Foam 3D Printing of Thermoplastics: A Symbiosis of Additive Manufacturing and Foaming Technology


Nofar M. , Utz J., Geis N., Altstadt V., Ruckdaschel H.

ADVANCED SCIENCE, 2022 (Journal Indexed in SCI) identifier identifier

  • Publication Type: Article / Review
  • Publication Date: 2022
  • Doi Number: 10.1002/advs.202105701
  • Title of Journal : ADVANCED SCIENCE
  • Keywords: 3D printing, additive manufacturing, foaming, microcellular foams, reviews, thermoplastics, INJECTION-MOLDING CRYSTALLIZATION, SUPERCRITICAL CARBON-DIOXIDE, FIBER-COMPOSITE FOAMS, INTERFACIAL-TENSION, CELL NUCLEATION, LOW PERCOLATION, BEAD FOAMS, POLYLACTIDE, POLYCARBONATE, POLYPROPYLENE

Abstract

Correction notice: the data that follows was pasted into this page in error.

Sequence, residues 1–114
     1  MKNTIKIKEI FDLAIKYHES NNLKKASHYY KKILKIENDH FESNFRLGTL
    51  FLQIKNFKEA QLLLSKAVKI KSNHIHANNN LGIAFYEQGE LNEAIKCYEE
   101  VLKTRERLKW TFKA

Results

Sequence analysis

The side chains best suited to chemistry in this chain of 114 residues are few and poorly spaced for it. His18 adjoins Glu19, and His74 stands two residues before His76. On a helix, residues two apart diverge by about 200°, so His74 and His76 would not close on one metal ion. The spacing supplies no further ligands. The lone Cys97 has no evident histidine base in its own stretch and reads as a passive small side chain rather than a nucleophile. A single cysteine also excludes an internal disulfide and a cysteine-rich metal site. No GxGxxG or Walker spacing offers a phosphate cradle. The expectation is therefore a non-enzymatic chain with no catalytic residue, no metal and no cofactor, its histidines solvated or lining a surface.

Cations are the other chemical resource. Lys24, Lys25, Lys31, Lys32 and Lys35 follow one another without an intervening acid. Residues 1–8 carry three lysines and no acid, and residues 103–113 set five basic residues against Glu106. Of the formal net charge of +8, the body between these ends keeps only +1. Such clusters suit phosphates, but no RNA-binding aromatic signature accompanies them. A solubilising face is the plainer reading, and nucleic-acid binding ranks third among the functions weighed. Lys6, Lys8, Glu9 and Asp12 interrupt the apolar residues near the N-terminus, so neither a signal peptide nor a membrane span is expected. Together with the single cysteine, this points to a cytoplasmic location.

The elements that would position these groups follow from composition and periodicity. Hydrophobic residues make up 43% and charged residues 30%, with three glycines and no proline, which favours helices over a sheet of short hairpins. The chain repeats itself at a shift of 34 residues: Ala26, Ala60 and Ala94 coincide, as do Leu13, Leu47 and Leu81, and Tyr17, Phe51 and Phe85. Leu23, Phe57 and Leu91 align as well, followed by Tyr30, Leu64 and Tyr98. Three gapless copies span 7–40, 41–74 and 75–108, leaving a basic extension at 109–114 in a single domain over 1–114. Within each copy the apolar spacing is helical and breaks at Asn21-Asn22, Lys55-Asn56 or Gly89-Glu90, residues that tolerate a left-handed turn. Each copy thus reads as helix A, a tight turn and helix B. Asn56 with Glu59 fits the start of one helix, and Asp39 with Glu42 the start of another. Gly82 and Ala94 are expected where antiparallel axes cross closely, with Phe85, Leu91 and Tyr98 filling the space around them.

Due to their light-weight and cost-effectiveness, cellular thermoplastic foams are considered as important engineering materials. On the other hand, additive manufacturing or 3D printing is one of the emerging and fastest growing manufacturing technologies due to its advantages such as design freedom and tool-less production. Nowadays, 3D printing of polymer compounds is mostly limited to manufacturing of solid parts. In this context, a merged foaming and printing technology can introduce a great alternative for the currently used foam manufacturing technologies such as foam injection molding. This perspective review article tackles the attempts taken toward initiating this novel technology to simultaneously foam and print thermoplastics. After explaining the basics of polymer foaming and additive manufacturing, this article classifies different attempts that have been made toward generating foamed printed structures while highlighting their challenges. These attempts are clustered into 1) architected porous structures, 2) syntactic foaming, 3) post-foaming of printed parts, and eventually 4) printing of blowing agents saturated filaments. Among these, the latest approach is the most practical route although it has not been thoroughly studied yet. A filament free approach that can be introduced as a potential strategy to unlock the difficulties to produce printed foam structures is also proposed.